West Tisbury voters will gather for a special town meeting this Tuesday at 7 pm in the West Tisbury School gym. There are only two articles on the warrant: one, a revised Up Island Regional School District budget that will circumvent the need for a Proposition 2.5 override vote, and two, an article to withdraw the town from the Up-Island school district. Selectmen plan to withhold their support of the article, to withdraw it until the implications of a withdrawal are better understood.
Taxis on the agenda
West Tisbury selectmen plan a “taxi afternoon” in late June, at which they will address several issues surrounding local taxi companies. Selectmen plan to hold a public hearing to address taxi fare rates that have not been changed since 2009, according to town administrator Jennifer Rand, who spoke at the selectmen’s meeting on Wednesday, May 20.
Selectmen will also discuss the use of meters, which are not required presently; and the town’s policy of licensing only four cabs per company, in response to a request from Alpha Cab owner Benoit Baldwin, who has requested a fifth cab.
Selectmen also plan to discuss the implications of Internet-based transportation network companies (TNC) like Uber, and the town’s responsibilities in regulating taxis. The town’s taxi companies raised concerns at a selectmen’s meeting on April 29 about their ability to survive if they have to compete with businesses that do not have to comply with town regulations. Uber began operating on Martha’s Vineyard over the Memorial Day weekend.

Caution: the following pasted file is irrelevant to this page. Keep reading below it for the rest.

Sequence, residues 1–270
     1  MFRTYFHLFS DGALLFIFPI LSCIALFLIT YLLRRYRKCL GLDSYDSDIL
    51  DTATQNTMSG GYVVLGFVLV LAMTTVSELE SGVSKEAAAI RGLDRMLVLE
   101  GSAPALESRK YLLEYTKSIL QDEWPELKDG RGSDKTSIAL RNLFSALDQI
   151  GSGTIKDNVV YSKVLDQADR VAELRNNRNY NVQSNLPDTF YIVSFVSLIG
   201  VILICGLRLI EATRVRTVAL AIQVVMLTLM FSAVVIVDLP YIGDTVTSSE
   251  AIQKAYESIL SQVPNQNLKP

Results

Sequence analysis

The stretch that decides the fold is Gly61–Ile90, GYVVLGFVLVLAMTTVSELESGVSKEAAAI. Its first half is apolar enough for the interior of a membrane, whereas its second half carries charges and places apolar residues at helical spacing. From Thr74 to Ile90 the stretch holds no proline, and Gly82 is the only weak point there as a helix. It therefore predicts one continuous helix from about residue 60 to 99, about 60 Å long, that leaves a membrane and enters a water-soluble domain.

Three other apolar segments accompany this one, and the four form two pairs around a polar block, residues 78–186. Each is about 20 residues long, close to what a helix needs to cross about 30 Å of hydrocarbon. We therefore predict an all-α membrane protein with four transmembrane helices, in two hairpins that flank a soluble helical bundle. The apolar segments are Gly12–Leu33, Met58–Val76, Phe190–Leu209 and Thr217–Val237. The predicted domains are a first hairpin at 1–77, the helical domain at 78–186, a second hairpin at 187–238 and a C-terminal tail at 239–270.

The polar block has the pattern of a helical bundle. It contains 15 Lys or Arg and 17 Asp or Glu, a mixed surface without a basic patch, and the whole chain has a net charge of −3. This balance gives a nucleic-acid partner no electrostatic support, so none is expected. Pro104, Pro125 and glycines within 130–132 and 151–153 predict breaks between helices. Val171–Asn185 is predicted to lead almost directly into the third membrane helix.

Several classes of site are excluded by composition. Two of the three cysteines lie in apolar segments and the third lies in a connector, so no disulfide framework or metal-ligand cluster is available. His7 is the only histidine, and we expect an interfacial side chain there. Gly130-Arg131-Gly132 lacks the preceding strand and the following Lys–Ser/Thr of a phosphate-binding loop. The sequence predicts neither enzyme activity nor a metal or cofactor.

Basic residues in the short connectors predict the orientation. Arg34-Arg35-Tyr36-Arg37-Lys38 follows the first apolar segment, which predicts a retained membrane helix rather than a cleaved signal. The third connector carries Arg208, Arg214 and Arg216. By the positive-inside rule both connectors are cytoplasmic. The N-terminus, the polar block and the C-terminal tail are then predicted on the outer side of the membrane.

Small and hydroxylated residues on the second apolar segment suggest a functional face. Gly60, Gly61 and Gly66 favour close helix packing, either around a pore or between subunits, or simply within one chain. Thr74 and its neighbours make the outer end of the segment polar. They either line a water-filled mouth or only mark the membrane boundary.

The state has proposed a law regulating TNCs. Its final form and its implications for locally regulated taxis are not known.
In a letter dated May 7, addressed to West Tisbury town administrator Jennifer Rand, town counsel Ronald Rappaport said the town’s current regulations only pertain to traditional taxicab companies. Mr. Rappaport said that in his opinion, current regulations do not give the board the power to regulate TNCs, but state law gives the board “broad authority to promulgate regulations governing TNCs.” Mr. Rappaport said the town could expand its rules and regulations after following its procedures for doing so.
“The Governor has recently filed a bill with the state legislature to establish a statewide law regulating TNCs,” Mr. Rappaport added. “However, until the legislation is final and enacted into law, it is too early to assess what impact the law may have, if any, on the town’s authority to regulate TNCs locally.”
In other business last week, selectmen discussed plans to form two committees: one to handle the planning and construction of a new department of public works building, for which an announcement will be posted; and another to study the implications of the town pulling out of the Up Island Regional School District. The other towns in the district are Aquinnah and Chilmark.
Selectman Cynthia Mitchell said the school study committee would “not so much develop a parallel budget analysis to what the school is doing, but more … do an analysis of what would happen if West Tisbury went it alone — if we were to pull out of the region, and what it might mean to West Tisbury taxpayers.” The committee would include the finance committee, members of the community, and possibly an outside consultant.